Saturday, December 20, 2014
Poem of the Day: “Isaac: Chapters One to Wondering” by Carolyn Martin, Poet of the Week
Songs of Eretz Poetry Review is pleased to present “Isaac: Chapters One to Wondering” by Carolyn Martin, Poet of the Week. A brief biography of the poet may be found here: http://eretzsongs.blogspot.com/2014/12/the-songs-of-eretz-poet-of-week-for.html.
Isaac: Chapters One to Wondering
It well behooves the son of Abraham
to understand the voice his father hears.
My mother learned this long ago:
that Yahweh’s laugh is always last and bears
more gifts than hearts can hold.
“Heaven has its humor,” so she claims,
and speaks again the laughter of my name.
“To worship,” was his ploy – that strong old man.
With men and donkey left a sight behind,
and ram nor thicket in our point of view,
we started on our holocaustal climb
to pay my father’s Lord his chosen due.
It watched him altar wood with fire and grace,
missed the trembling in his chosen hands,
the sighing in his old man’s chosen face.
It saw the sun caress his blazing knife
and heard a voice call for the sacrifice.
“Heaven has its humor,” so they say.
(The angels laughed at last in father’s eyes.)
But still I try to grasp that chosen day,
to wash the smell of rams out of my mind,
to see the joke in flames that I survived.
“A test,” is all my father ever says.
Inside our tent my mother laughs my name.
They hold the stars and sands as their rewards.
But I, I cannot laugh. I fear unchosen fame
and the presents of my parents’ laughing Lord.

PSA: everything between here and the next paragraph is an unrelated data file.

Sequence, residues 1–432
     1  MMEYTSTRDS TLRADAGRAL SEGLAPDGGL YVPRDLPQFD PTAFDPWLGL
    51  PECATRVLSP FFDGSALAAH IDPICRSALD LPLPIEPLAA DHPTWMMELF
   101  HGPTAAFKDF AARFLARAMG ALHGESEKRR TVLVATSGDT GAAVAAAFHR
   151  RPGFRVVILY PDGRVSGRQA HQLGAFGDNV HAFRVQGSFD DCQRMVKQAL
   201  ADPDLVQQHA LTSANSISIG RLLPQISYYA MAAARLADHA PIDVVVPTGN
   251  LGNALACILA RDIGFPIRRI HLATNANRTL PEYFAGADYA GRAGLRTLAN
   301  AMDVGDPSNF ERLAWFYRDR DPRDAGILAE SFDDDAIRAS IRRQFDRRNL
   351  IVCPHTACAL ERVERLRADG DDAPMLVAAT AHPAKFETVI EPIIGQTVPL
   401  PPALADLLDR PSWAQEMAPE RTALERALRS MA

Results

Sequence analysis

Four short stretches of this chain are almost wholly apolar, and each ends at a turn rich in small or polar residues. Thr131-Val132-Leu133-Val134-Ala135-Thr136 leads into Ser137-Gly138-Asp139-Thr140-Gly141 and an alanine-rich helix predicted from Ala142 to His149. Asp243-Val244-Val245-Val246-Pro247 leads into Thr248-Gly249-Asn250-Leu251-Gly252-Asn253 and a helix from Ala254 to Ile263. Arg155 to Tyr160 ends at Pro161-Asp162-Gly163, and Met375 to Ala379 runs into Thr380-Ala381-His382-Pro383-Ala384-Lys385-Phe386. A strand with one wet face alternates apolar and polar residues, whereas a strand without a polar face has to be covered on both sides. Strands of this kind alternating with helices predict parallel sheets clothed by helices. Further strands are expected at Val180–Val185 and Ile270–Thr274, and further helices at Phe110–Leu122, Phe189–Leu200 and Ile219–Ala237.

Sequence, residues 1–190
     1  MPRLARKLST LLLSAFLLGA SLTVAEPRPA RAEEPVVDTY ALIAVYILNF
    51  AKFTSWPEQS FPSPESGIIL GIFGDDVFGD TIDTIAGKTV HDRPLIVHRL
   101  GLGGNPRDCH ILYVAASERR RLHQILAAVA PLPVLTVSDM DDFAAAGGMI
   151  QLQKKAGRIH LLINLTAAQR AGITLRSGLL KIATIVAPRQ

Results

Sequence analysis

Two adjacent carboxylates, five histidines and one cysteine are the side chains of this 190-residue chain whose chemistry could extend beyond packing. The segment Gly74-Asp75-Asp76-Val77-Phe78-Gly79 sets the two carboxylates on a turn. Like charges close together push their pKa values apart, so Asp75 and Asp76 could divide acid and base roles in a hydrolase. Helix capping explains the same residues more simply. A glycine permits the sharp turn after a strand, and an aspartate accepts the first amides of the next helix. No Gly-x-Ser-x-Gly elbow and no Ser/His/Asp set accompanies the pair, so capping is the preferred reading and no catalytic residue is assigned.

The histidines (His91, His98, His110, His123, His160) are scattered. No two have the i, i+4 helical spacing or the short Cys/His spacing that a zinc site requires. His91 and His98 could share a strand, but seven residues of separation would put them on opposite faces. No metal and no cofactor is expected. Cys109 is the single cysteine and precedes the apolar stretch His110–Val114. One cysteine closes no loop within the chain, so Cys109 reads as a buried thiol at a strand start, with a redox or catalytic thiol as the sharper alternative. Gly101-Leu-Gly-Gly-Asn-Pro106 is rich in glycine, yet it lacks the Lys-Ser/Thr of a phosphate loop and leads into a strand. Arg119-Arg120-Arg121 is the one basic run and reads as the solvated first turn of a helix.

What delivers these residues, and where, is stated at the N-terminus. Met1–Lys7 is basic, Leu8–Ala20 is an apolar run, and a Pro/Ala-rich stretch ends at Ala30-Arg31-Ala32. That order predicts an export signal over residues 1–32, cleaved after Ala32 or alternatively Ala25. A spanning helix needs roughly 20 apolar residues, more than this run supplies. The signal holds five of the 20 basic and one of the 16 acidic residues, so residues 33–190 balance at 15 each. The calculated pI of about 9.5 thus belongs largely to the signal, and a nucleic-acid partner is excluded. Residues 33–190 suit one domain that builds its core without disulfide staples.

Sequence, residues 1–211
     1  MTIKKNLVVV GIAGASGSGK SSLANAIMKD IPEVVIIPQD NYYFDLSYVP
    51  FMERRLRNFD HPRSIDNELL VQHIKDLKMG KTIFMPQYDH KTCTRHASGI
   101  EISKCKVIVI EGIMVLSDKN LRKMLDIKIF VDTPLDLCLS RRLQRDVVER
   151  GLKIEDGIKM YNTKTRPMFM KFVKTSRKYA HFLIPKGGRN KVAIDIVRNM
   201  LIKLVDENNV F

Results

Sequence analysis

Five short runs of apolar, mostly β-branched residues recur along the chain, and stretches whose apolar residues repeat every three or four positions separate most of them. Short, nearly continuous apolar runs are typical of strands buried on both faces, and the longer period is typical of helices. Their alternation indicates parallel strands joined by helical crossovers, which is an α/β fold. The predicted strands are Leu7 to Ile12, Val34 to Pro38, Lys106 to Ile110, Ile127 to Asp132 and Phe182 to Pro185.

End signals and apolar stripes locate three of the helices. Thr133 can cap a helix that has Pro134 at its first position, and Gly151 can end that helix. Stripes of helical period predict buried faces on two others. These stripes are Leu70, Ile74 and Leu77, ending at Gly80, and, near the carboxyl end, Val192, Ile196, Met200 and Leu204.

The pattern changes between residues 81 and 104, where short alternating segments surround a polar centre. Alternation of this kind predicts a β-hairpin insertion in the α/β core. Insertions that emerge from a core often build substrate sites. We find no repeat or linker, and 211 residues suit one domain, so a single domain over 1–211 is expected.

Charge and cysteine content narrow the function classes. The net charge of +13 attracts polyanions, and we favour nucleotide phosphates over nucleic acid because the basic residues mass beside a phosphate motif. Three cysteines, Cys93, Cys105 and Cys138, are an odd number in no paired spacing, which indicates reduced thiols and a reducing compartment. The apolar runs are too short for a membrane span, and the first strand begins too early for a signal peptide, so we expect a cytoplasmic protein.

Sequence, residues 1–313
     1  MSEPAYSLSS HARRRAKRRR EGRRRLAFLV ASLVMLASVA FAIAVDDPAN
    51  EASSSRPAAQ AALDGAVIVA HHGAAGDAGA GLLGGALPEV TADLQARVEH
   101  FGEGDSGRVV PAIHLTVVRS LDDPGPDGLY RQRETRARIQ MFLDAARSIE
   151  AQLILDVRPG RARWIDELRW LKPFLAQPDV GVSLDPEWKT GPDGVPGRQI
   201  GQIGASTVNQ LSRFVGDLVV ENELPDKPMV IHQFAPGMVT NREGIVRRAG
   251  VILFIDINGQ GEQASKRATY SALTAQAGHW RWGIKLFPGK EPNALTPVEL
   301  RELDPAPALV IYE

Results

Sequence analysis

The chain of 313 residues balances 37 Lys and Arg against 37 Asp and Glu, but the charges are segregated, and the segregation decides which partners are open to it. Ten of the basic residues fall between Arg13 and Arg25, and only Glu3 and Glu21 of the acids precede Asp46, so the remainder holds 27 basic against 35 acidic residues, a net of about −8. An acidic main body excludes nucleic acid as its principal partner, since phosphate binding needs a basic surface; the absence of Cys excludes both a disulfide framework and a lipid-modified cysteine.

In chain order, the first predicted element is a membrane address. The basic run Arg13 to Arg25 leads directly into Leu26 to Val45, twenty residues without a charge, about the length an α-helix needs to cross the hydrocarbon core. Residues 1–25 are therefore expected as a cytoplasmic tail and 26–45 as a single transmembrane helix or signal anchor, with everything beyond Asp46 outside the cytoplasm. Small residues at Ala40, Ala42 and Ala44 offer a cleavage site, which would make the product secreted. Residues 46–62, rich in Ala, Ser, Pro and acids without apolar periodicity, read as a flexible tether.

Poet’s Notes: As a young nun and new poet in the early 70s, I tasked myself with rewriting biblical stories from a woman’s point of view. The story of Sarah and Abraham was my first successful attempt. I loved the scene where Sarah laughs in her tent when she overhears three messengers tell Abraham that he and she are going to have a child. And, I was tickled by the fact that their son Isaac was given a name that in Hebrew sounds like laughter.
This led me to “Isaac: Chapters One to Wondering.” To prove his faithfulness to God, Abraham is commanded to take his only son up a mountainside and sacrifice him. While Abraham is lauded for his obedience in following these instructions, I wondered how Isaac felt about God and his father. This poem written in his voice is no laughing matter.
After reading “Isaac” at a local temple a few years ago, a man well versed in Hebrew Scriptures informed me that, after that mountain trek, Isaac never spoke to his father again.
Editor’s Note: This is an interesting take on the old story from the POV of Isaac. Martin’s plays on the Hebrew meaning of Isaac's name--mocking, joyous, ironic, bitter--are well done. “Isaac: Chapters One to Wondering” was first published in Sisters Today, 1975.